Post by L***@UnReal.invalid
Last three paragraphs are probably the best
"Some research even suggests that network quality may be less of an issue
than companies and even consumers think it is. In the 50 largest markets
nationwide, more than 97 percent of wireless calls are connected and
completed successfully, according to Telephia. More than one-third of the
wireless subscribers surveyed by Telephia also said their network quality
had improved since they signed up with their current provider, while only 13
percent said it had declined.
The consumers who really value network quality, Mr. Chamberlain and others
say, are those who use a cellphone as their only phone and those who rely on
their phones for work. Many other consumers, particularly younger ones, are
more likely to choose a carrier based on the handset, not the quality of the
network, they said.
"Honestly, these ads don't make a dent," said Meredith Belloli, the
president of Slant, a marketing agency that focuses on consumers in their
20's. Young consumers "are aware of the 'Can you hear me now?' guy, but it
comes down to the style and coolness of the phones." "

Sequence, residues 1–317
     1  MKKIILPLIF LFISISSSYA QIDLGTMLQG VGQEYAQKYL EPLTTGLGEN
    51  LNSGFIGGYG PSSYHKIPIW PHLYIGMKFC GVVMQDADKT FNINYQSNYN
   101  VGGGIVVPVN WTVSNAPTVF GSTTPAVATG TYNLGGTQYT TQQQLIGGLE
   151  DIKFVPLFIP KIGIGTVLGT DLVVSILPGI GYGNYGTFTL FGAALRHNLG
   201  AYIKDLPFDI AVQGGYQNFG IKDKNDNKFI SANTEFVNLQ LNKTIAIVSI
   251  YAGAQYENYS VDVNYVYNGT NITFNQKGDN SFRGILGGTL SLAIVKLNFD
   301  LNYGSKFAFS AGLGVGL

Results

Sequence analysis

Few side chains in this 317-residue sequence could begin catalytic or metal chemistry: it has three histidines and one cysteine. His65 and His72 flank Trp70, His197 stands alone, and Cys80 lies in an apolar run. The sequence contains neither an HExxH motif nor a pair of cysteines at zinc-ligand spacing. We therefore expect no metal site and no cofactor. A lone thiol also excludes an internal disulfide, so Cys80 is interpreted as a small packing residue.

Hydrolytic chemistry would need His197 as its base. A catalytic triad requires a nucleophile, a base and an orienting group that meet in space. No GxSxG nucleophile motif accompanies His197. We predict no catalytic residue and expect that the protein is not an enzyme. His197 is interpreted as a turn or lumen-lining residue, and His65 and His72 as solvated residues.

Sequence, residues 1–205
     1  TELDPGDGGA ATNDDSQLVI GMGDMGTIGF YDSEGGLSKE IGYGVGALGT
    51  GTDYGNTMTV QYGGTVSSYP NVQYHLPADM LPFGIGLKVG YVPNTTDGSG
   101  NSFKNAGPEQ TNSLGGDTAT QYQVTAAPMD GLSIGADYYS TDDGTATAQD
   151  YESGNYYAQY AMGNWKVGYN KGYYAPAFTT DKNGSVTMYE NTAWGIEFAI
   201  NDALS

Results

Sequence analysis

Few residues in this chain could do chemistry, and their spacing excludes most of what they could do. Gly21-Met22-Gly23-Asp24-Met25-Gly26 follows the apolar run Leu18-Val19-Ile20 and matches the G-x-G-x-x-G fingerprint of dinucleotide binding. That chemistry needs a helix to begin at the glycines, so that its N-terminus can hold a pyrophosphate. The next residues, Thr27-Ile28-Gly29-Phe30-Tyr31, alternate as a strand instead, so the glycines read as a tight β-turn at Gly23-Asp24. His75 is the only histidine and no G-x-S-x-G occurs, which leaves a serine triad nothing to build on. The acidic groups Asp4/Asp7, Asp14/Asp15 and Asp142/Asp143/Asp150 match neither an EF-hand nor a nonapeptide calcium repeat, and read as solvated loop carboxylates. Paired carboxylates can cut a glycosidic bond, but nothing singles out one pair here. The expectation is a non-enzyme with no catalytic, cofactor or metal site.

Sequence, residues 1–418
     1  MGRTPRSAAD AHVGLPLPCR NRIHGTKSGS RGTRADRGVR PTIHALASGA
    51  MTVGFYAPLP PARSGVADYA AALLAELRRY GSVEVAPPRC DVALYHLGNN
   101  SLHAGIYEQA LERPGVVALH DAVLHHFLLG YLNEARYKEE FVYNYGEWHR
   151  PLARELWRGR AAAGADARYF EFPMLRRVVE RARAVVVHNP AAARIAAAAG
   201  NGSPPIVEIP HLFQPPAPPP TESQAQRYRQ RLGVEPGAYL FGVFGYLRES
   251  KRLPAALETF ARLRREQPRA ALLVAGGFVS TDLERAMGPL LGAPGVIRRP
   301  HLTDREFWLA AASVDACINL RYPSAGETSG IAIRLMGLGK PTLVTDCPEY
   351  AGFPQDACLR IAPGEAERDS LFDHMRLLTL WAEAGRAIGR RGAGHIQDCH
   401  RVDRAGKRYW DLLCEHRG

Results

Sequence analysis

I tend to agree with that. The ads may reinforce what people already
have learned from unbiased sources such as JD Powers or Consumer
Reports, but consumers simply filter out proclamations from the carriers
about having the best network. Cingular's "fewest dropped calls"
campaign is especially poor because a) dropped calls are only one of
many factors that determine the quality of a network, and b) there is no
evidence that they have the fewest dropped calls.
OTOH, the statement by Telephia regarding the 50 largest markets is a
bit misleading. They stated that 97% of calls are connected, but this
could mean that one carrier was closet to 100%, while another carrier
Furthermore, I find that a network's coverage is of the most value when
going _outside_ those 50 largest markets. Specifically, in California,
when you go into the Sierra's, Verizon (or other CDMA and AMPS carriers
that you can roam on), provide far greater coverage than is obtainable
on Cingular or T-Mobile. The same level of coverage may be available on
Sprint, via roaming, I don't know, as I don't have a Sprint phone, but
Cingular and T-Mobile are at a big disadvantage.
Another issue is the coverage on the fringes of those markets. In the
San Francisco Bay Area, fringe coverage (outside the urban or suburban
core) varies greatly among carriers (though this will change somewhat if
AMPS is turned off). Go to parks in the green belt, or to some of the
new (or old) developments where there is opposition to cell towers, and
the coverage is very different among carriers, with Verizon being far
better (as evidenced by all the survey results, as well as my own
So for someone that doesn't travel outside the confines of the core of
those 50 largest markets, maybe the differences in coverage aren't
important, but for many people, the true test of network is how well it
works when they are away from home.